Life and career
He was reared on a farm graduating with highest honours at Yale in 1799; in 1802 he was admitted to the Connecticut bar and was appointed as a tutor at Yale, where he remained for two years. In 1806 Stuart became the pastor of the Centre (Congregational) Church of New Haven, being appointed professor of sacred literature in the Andover Theological Seminary in 1809.
Here he succeeded Eliphalet Pearson (1752–1826), the first preceptor of the Phillips (Andover) Academy and in 1786–1806 professor of Hebrew and Oriental languages at Harvard. At this time he knew hardly more than elementary Hebrew and not much more Greek; in 1801–12 he prepared for the use of his students a Hebrew grammar which they copied day by day from his manuscript; in 1813 he printed his Grammar, which appeared in an enlarged form, with a copious syntax and praxis, in 1821, and was republished in England by Dr Pusey in 1831.
He gradually made the acquaintance of German works in hermeneutics, first Johann Friedrich Schleusner, Seiler and Gesenius, and taught himself German, arousing much suspicion and distrust among his colleagues by his unusual studies. However, recognition soon followed, partly as a result of his Letter to Dr Channing on the Subject of Religious Liberty (1830), but more largely through the growing favour shown to German philology and critical methods. In 1848 he resigned his chair at Andover. Stuart died in Andover on January 4, 1852.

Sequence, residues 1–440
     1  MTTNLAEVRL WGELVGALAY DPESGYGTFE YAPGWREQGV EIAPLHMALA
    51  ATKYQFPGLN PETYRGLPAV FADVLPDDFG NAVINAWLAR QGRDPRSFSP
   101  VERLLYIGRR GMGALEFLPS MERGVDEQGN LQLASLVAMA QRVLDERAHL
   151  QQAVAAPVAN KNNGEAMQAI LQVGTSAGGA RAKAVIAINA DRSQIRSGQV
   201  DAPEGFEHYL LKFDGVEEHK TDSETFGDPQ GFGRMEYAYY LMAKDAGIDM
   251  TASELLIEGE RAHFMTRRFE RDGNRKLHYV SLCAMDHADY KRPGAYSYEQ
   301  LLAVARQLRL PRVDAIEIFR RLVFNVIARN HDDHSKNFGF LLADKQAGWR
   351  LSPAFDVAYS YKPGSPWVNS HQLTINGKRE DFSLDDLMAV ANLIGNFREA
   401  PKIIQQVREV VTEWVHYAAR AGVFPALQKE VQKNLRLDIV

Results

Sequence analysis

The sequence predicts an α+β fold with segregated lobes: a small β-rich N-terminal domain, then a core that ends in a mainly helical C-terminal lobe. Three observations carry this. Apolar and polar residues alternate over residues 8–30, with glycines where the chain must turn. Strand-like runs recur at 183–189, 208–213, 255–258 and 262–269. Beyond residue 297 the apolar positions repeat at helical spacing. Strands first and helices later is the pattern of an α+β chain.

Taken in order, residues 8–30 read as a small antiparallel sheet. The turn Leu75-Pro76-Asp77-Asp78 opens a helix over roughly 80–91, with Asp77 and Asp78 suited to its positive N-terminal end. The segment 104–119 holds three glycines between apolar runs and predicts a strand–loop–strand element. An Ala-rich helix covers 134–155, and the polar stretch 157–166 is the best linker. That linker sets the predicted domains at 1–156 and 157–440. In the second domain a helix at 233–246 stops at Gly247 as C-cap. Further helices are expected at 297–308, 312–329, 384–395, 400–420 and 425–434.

Stuart has been called the father of exegetical studies in America. He contributed largely by his teaching to the renewal of foreign missionary zeal—of his 1500 students more than 100 became foreign missionaries, among them such skilled translators as Adoniram Judson, Elias Riggs and William G Schauffler.
Stuart's 1850 book Conscience and the Constitution took the position that slavery is an institution allowed by the Bible, but that, as it was actually practiced in the United States, slavery was morally wrong. Therefore there should be a voluntary emancipation of slaves by the Southern slave owners. However, Parker Pillsbury reported in his 1847 "Forlorn Hope of Slavery" that Professor Stuart of Andover Theological Seminary wrote"to President Fisk of another Theological Seminary, that 'slavery may exist, without violating the Christian faith or the Church.' "
- Winer's Greek Grammar of the New Testament (1825), with Edward Robinson
- Commentary on the Epistle to the Hebrews (1827–1828)
- Commentary on the Epistle to the Romans (1832)
- Commentary on the Apocalypse (1845)
- Miscellanies (1846)
- Gesenius's Hebrew Grammar (1846), a version which involved Stuart in a long controversy with Thomas Conant, the earlier, and possibly more scholarly, translator of Gesenius
- Commentary on Ecclesiastes (1851)
- Commentary on the Book of Proverbs (1852)
Memorial sermons by:
- Preview  ^ Parker Pillsbury (1847). The church as it is, or, The forlorn hope of slavery. A. Forbes, printer.